It didn’t occur to me until recently that so many gods in my food-writer Pantheon were talented amateurs… not professional chefs.
Hayward and Walker (who I wrote about last week) were both lawyers as was Brillat-Savarin –– the godfather of food essayists who challenged: “Tell me what you eat and I will tell you who you are” (and who wrote in 1825 that sugar and white flour were the cause of obesity) in his Physiology of Taste. Alexandre Dumas, the novelist and playwright, was also a famous gastronome and creator of Grand Dictionnaire de cuisine.
Edouard de Pomaine
Edouard de Pomiane (née Pozerski) was a Polish biologist, chemist and founder of the field of gastro-technology as well as a great food writer in the first half of the 20th century. He is still remembered very fondly for his humor and bright way with food (and that dashing moustache).
Henri Babinski, better known for his nom de plume Ali Bab, was a well-traveled mining engineer and author of Gastronomie Pratique, Etudes Culinaires. Like Edouard de Pomaine’s 1930 favorite, La Cuisine en 10 minutes, Ali Bab’s book was very popular in the last century and much loved by food writers like Elisabeth David and MFK Fisher. My blogging colleague, TW Barritt over at Culinary Types posited that these luminaries would have been food bloggers had they lived today… brilliant observation and I agree completely. Brillat-Savarin was a little stuffy but Ali Bab and de Pomaine would have been charming reading… and de Pomaine did have a popular weekly radio show… you could say that was stone-age blogging, n’est-ce pas?
In 2009, Tim Zagat sponsored fabulous Vintage Dinners inspired by the great chefs and restaurants of the 19th century and re-created by today’s greats (you can see videos of some of these events by clicking the names) like Eric Rippert , Thomas Keller , Dan Barber, Charles Palmer , Daniel Boulud, David Waltuck and Jean-George Vongerichten . They mined the past (and the famous NY Public Library menu collection) for inspiration and found gold in Escoffier, Artusi and Ranhoffer and Ali bab. Jean-Georges Vongerichten chose recipes from Gastronomie Pratique by Ali-Bab for his dinner. It was through these dinners I discovered Ali-bab!
1928 Edition, 1281 pages
Everything old is new again, isn’t it? I got an old copy of the 300-page version of Ali Bab’s book that was translated (inexactly, with substitutions for ‘hard to find’ ingredients) into English in the 70’s. For those of you who read French, the smaller original 1907 version is available on Internet Archive. For the full 1200 pages, you will have to put out big bucks and read French… it is still not available save in rare book stores .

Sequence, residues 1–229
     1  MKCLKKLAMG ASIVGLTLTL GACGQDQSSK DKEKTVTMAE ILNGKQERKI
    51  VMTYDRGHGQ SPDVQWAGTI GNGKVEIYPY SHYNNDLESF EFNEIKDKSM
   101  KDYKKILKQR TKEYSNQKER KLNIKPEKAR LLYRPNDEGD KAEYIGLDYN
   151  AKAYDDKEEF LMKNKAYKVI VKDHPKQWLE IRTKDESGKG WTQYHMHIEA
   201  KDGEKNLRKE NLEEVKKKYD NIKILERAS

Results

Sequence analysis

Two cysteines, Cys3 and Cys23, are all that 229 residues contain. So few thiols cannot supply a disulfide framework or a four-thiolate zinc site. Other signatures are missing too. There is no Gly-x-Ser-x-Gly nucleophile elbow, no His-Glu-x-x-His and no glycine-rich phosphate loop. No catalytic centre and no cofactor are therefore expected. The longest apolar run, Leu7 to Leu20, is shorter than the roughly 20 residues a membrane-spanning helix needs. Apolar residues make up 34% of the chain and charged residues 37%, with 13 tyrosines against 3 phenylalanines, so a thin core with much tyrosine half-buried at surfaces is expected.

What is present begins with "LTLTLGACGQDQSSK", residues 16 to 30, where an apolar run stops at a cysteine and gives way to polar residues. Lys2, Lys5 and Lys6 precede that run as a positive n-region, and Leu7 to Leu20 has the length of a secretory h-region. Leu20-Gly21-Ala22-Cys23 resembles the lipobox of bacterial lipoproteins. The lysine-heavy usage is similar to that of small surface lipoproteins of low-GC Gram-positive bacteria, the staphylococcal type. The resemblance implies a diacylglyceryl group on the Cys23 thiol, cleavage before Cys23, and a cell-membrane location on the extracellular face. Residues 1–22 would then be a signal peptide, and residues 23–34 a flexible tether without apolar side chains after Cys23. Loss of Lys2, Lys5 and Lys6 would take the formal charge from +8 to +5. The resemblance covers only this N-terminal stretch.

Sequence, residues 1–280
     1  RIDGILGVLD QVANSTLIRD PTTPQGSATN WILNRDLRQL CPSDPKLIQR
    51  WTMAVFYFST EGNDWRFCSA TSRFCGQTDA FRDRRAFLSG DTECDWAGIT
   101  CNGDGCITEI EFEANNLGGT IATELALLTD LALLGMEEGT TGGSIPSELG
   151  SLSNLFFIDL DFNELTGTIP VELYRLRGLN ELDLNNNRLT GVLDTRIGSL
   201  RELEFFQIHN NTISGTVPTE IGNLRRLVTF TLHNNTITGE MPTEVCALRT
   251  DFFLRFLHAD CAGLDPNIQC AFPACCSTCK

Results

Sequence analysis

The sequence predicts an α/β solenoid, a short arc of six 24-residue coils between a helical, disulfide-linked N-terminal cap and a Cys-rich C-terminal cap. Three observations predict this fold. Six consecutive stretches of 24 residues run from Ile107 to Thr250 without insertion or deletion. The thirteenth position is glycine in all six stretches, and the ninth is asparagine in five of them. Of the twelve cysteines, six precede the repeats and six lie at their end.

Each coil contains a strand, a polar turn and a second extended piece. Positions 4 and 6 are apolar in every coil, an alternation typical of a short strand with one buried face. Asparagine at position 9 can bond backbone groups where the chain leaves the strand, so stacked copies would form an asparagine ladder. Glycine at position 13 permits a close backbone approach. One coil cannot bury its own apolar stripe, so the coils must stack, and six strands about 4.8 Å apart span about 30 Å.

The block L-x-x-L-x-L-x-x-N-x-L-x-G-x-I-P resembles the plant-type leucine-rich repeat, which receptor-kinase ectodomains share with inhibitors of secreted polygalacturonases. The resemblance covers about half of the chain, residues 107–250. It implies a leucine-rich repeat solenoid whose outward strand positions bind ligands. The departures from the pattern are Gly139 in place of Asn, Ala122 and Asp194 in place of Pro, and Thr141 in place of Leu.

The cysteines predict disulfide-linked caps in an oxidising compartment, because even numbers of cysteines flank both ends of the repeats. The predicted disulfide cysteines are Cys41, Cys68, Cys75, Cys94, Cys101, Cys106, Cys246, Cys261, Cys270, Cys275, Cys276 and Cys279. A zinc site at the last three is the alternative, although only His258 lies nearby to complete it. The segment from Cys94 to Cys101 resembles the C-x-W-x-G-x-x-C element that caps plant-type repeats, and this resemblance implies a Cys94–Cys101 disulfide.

I decided on Veal Chops with a Paprika sauce from Ali Bab’s cookbook since I had 2 gorgeous veal chops from D’Artagnan (milk-fed and very humanely raised, my first veal in 25 years!) and some thick ivory cream from Milk Thistle Farm. I must tell you, the chops are photographed on a platter not a plate and are quite large (about a foot long and ½ a pound each), the platter and the giant carrot-coins belie the large size. The 2 chops were fine for 2 unless you have a large appetite. I would say this sauce would be heaven with breaded cutlets of veal, turkey or chicken and it’s quite fast to make and will rock your world on mashed potatoes. Henri recommended serving this with beets… I used carrots and loved them.
Veal Chops with Paprika Cream (Côtelettes de Veau au Paprika) for 4
1 c thick cream
2 ¼ c dry breadcrumbs
4 T butter
½ c + 3 T Veal demi-glace from D'Artagnan
4 T flour
1 ½ t paprika (or more to taste)
1 sprig thyme
1 sprig marjoram
4 veal chops from D'Artagnan –– 8 if you are a big meat eater
2 T oil plus 1T butter
2 onions, finely chopped
salt and pepper
Brown the flour and onions in the butter. Stir in ½ c water and demi-glace. Add salt, pepper and paprika to taste and cook for a few moments till thickened, set aside.
Roll the chops in the breadcrumbs.
Brown the chops in the oil in a sauté pan. Finish cooking gently for 5 minutes in the sauce. Remove the chops for a moment and add the cream into the sauce, remove the sprigs. Put the chops back in the sauce and serve.